Reflection: May 13: The Final Countdown

May 13, 2018 sermon (Christian Family Sunday)

John 17:6-19 

The Final Countdown

When I was pursuing my theological studies in New Jersey and working as a student pastor, my theological school dean’s husband David came to my church as an interim pastor. One day I found out that David much prefers to do a funeral than a wedding. I was younger and had no experience doing weddings or funerals, so I couldn’t understand why he would prefer funerals. Now that I am a parish minister and do quite a bit of funerals, I started to appreciate them. Especially, the two funerals I have done recently made me appreciate the process of preparing for and doing a funeral, and I thought of David. Now I think I can understand him. more —>

Reflection: May 6: Discipleship: Love in Action

May 6, 2018 sermon 

John 15:9-17/ 1 John 5:1-6 

Discipleship: Love in Action

I have been moving around a lot both as a child with my family and as an adult, so making friends was not always easy. You might befriend someone and thought they were friends, but they might turn out to be not so serious about their relationship with you. In French, there are two words for “friend”; one is copain, which indicates a friend that you hang out with but your relationship is rather shallow. Then there is ami, which is a true friend with whom you share a deeper relationship. After I came to Montreal 6 years ago, I met some friends who turned out to be amis, and some who turned out to be copains. My friends Mike and Konstantine especially became true pals; Mike was one of the friends who came to Kimberley to get married. I knew they were true friends because they were there for me when I was going through difficulties. For example, when I was heartbroken, Mike was the first person I thought of and called, and he canceled his appointment to come to me. I knew both of them were true pals because they were there for me when I needed them. If someone calls themselves your friend and ignores you when you need them, you will know that they are not really friends. more —>

Reflection: April 29: True Vine, Our Spiritual Mother

April 29, 2018 sermon 

John 15:1-8/ Acts 8:26-40

True Vine, Our Spiritual Mother

Today, we will talk about motherhood. Motherhood is a mystery to me, especially because I haven’t been blessed with that gift. I don’t know what it’s like to have a baby inside me and be physically connected to the baby through an umbilical cord. If a pregnant mom is exposed to bad things, such as bad food or drink, or stress and even trauma, the fetus will be affected. If mom eats good food and thinks good thoughts and feels peaceful and happy, the baby will be peaceful and happy too. No wonder the affinity that a mother feels about her child is special, and to me, mysterious. A little footnote here; I know a lot of fathers who have a deeper and more special relationship with their children, and I don’t mean to leave fathers out here. The only reason I am focusing on mothers is because of the physical connection with the baby during pregnancy.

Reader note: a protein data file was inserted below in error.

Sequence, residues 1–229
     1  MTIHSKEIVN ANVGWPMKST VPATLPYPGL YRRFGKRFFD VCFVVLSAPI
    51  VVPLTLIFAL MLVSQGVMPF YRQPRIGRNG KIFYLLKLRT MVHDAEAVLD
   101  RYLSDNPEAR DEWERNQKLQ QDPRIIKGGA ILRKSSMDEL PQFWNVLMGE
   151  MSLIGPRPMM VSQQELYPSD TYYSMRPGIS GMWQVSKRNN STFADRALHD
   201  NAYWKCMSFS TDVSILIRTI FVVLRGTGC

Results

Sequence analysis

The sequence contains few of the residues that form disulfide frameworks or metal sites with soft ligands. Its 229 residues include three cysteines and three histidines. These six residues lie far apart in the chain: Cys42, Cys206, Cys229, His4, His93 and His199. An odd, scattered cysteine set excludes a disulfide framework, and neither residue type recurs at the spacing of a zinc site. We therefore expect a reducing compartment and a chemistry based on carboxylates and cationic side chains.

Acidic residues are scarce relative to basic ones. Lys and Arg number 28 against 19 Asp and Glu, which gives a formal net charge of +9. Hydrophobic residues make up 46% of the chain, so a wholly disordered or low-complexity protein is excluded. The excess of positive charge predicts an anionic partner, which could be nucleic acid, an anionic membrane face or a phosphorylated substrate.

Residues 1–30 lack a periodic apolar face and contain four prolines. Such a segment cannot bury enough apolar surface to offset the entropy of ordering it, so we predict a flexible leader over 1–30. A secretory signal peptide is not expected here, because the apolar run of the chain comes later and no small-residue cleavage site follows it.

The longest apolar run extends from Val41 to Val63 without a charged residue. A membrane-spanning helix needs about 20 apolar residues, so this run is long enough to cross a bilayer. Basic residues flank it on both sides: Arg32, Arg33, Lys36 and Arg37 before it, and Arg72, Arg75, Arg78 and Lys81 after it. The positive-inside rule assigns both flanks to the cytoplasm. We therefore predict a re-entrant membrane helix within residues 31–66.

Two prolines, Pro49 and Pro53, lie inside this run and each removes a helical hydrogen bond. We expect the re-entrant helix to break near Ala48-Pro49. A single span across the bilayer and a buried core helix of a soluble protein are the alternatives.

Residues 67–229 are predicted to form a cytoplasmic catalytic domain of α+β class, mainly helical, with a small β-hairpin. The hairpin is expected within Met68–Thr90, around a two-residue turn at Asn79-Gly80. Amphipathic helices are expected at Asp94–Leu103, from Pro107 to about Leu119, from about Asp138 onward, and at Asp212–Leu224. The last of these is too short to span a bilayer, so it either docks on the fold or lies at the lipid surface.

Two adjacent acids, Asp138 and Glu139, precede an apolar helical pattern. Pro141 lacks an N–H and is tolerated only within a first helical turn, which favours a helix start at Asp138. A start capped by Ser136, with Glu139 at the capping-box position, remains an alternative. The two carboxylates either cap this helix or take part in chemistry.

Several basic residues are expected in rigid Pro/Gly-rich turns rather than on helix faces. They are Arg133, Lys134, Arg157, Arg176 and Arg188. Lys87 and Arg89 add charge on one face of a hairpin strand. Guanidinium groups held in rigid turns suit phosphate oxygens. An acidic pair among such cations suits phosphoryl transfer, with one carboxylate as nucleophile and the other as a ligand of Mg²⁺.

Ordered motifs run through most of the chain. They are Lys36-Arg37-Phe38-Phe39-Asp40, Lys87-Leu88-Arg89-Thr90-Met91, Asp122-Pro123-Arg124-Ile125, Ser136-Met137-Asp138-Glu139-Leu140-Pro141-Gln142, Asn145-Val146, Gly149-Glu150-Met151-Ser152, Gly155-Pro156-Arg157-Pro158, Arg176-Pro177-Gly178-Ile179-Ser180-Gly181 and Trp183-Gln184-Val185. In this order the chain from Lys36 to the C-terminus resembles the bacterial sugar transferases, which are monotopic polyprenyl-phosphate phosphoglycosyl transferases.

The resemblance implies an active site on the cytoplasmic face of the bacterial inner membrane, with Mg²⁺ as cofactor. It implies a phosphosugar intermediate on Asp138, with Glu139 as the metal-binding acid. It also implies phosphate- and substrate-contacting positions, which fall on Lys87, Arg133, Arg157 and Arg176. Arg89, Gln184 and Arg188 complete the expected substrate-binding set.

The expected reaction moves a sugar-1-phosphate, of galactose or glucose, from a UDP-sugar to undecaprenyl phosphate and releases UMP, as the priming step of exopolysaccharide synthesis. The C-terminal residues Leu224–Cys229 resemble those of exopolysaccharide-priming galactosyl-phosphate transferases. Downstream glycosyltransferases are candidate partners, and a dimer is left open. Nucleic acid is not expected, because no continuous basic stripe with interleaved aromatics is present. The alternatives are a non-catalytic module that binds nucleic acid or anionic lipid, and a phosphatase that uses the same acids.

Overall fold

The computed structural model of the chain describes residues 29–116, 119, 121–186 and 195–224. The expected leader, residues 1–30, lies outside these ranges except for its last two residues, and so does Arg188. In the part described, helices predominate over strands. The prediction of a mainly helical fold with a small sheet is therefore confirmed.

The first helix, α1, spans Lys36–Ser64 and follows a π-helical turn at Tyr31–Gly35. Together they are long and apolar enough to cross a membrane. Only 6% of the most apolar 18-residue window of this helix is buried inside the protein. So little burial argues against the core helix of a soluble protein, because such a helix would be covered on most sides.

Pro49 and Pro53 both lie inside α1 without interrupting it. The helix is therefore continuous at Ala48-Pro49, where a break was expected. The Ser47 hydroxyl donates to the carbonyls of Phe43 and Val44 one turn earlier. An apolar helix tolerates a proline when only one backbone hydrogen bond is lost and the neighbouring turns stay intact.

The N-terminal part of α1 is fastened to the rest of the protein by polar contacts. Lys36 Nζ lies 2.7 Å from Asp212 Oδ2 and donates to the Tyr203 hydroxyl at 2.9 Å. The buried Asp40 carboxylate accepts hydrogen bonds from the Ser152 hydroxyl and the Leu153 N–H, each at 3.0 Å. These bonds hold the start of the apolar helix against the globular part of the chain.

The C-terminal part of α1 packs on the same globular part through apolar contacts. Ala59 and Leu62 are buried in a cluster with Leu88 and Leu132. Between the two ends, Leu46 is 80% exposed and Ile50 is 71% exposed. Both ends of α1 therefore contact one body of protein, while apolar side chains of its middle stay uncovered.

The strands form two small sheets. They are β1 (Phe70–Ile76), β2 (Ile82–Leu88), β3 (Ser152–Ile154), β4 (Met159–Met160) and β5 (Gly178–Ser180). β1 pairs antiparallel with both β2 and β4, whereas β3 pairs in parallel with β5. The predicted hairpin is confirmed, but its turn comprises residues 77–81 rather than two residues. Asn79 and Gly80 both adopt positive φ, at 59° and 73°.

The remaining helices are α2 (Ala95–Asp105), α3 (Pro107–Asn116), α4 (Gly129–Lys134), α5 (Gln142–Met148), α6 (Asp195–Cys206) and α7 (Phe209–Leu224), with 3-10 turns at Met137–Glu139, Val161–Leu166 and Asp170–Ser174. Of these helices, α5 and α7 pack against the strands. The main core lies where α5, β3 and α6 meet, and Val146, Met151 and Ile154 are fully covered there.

I felt the affinity between a mother and a child when I was staying with my mother’s sister for a little while because I was having trouble with my sister. The first night I stayed with her, my aunt came into the bedroom, in the dark when I was in bed, hugged me and comforted me. I became choked up because she felt so much like my mother. 

Anyway, the reason why I am talking about motherhood today is because the connection between a mother and her fetus seems to be the best analogy for our relationship with Christ. Jesus used the analogy of the vine in John chapter 15 because the vine is grown all over Palestine. From what I learned about the vine, although I am not much of a gardener and don’t know much about plants, is that it is a high maintenance plant. From what I understand, the young vine cannot start producing fruit for the first three years, during which time, it goes through constant pruning and “physical training”, so to speak. And the branches that do not produce fruit have to be drastically pruned so they don’t drain away the plant’s strength. It has to be carefully watched and taken care of to stay healthy and produce healthy fruit. The analogy of the vine tree is not something Jesus started; in fact, in many parts of the Hebrew Bible, the nation of Israel is compared to the vine. “The vineyard of the Lord is the house of Israel.” (Isaiah 5) “Yet I planted you a choice vine.” (Jeremiah 2) “Israel is a luxuriant vine.” (Hosea 10) The vine tree became a symbol for the nation of Israel. They are God’s people; therefore, they are expected to live like God’s people and produce fruit of God’s people. They are the vine tree; therefore, they should produce what the vine tree produces. In John’s community, the members are Christians, the followers of Jesus the Christ. Now the Christians are God’s vine tree. God expects them to produce the fruit of the gospel. That is us; we are Christians. If we have accepted God’s invitation of love and belong to God’s kingdom, our lives have to reflect what we are and what we stand for; the values of God’s kingdom, which are radical love, compassion, and commitment to promote social justice. A vine tree is useless if it cannot produce grapes. A Christian is useless if his or her life doesn’t reflect the values of God’s kingdom. “Abide in me”, says Jesus. He is the vine tree and we are his branches. Just like the fetus cannot survive if the mother isn’t well, branches cannot survive without the tree. For us to survive and prosper, we have to stay put and stick to the tree and receive nutrients from its roots. In other words, we are like the babies connected to the mother through an umbilical cord. The purpose and glory of our identity as the people of God and followers of Jesus is to produce the fruit of the gospel in our lives; live by the values we are taught from Christ.